National Economic Council director Gene Spurling says of the bill, “This is a compromise budget, but one that we believe makes the necessary room for the most important investments in winning the future in innovation and research and education.”

How do you feel about these changes? For those with dreams of advanced degrees, are you already researching alternate funding options for graduate school?

Kara Coleman lives in Gadsden, Alabama, where she attends Gadsden State Community College. She received the school’s Outstanding English Student Award two years in a row and is a member of Phi Theta Kappa. She plans to transfer to Jacksonville State University in August 2011 to study communications with concentration in print journalism. Kara’s writing has been featured in Teen Ink magazine and she is a children’s book author through Big Dif Books. In her spare time, Kara enjoys reading, painting, participating in community theater and pretty much any other form of art.

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Higher Education Doesn’t Guarantee Higher Lifetime Earnings

August 5, 2011

Higher Education Doesn’t Guarantee Higher Lifetime Earnings

by Suada Kolovic

Pop quiz: What level of higher education earns the most money over a lifetime? (A) a bachelor’s degree, (B) a master’s degree or (C) a doctoral degree? It seems the obvious answer would be the doctoral degree but according to a recent study, the gap is rapidly closing.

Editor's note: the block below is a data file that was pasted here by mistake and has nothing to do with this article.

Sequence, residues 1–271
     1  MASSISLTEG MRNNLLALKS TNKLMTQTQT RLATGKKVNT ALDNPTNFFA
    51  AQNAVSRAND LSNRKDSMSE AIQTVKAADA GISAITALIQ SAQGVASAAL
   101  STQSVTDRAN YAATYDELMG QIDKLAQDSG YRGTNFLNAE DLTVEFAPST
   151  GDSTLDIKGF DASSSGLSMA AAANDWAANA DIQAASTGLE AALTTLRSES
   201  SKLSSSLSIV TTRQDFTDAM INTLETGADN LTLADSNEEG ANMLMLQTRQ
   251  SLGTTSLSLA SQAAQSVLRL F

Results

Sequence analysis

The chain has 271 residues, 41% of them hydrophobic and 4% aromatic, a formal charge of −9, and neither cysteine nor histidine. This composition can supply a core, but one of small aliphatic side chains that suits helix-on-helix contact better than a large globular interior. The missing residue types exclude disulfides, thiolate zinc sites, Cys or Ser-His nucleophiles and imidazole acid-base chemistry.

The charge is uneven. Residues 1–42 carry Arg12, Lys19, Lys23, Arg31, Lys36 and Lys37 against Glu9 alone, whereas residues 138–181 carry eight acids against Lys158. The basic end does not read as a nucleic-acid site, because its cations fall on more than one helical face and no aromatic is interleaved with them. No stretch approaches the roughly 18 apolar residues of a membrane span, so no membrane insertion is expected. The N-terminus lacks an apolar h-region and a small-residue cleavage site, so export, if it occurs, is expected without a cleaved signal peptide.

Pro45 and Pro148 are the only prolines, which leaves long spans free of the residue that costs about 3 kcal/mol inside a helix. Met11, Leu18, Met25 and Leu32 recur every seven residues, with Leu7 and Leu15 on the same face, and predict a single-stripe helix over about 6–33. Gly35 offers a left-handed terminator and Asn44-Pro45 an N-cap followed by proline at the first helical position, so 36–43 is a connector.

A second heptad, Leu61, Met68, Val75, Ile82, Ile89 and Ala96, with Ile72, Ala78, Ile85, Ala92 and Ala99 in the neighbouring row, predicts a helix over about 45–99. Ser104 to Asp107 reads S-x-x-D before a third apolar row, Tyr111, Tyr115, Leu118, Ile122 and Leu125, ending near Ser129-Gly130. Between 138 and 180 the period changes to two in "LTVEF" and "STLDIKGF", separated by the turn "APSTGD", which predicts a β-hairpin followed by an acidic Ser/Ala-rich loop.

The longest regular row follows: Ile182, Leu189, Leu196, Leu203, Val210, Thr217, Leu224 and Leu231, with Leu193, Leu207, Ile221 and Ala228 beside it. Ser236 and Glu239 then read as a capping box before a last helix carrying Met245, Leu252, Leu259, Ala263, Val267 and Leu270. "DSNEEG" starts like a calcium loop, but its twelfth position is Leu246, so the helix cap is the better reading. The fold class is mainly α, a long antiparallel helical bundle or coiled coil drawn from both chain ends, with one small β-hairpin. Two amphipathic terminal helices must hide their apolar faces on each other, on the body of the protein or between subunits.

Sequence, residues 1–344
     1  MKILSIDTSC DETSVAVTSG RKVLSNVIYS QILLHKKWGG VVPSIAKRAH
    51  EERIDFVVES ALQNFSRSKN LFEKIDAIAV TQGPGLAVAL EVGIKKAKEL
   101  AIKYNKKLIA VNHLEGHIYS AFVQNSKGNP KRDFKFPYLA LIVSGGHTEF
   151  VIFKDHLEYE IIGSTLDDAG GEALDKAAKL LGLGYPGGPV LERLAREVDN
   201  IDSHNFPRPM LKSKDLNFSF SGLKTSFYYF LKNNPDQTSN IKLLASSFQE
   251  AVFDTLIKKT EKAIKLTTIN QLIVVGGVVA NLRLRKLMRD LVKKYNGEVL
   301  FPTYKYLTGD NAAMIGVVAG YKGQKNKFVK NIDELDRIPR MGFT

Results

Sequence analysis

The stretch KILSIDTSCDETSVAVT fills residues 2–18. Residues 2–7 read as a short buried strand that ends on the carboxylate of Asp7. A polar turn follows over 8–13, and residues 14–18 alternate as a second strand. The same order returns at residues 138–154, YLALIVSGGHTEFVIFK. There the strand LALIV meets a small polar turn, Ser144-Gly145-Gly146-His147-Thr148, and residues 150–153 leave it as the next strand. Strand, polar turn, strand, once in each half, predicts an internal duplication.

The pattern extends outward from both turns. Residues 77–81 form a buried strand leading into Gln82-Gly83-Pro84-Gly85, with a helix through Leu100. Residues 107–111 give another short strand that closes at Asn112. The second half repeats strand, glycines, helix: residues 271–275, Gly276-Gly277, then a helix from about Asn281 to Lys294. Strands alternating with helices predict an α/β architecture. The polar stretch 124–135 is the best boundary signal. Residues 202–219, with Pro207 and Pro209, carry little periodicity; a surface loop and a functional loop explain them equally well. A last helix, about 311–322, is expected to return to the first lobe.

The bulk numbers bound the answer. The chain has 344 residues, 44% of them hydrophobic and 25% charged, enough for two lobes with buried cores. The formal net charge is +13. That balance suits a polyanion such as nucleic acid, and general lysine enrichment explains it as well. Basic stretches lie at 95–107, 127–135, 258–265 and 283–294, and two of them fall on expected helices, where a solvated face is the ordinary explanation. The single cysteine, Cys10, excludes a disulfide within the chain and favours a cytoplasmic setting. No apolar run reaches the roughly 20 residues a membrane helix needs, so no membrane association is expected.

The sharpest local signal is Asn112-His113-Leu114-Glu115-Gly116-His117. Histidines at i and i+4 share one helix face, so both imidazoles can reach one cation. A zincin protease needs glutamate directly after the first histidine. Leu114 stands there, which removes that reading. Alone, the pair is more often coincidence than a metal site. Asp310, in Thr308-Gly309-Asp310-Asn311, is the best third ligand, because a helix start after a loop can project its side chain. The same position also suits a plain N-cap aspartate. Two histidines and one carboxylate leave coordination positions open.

The College Payoff, a report published by the Georgetown University Center for Education and the Workforce, revealed that those holding bachelor’s degrees earn about $2.27 million over their lifetime, while those with master’s, doctoral, and professional degrees earn $2.67 million, $3.25 million and $3.65 million, respectively. "It's still true that, on average, it's better to get the higher degree; it's better to keep climbing—but it's less and less true," says the center's director, Anthony Carnevale. That being said, the major and industry a student selects is precisely what determines lifetime earnings: Those who pursue bachelor’s degrees in science, technology, engineering and mathematics (STEM) will earn more, on average, than those with advanced degrees of any level who work in fields like education, sales and community service.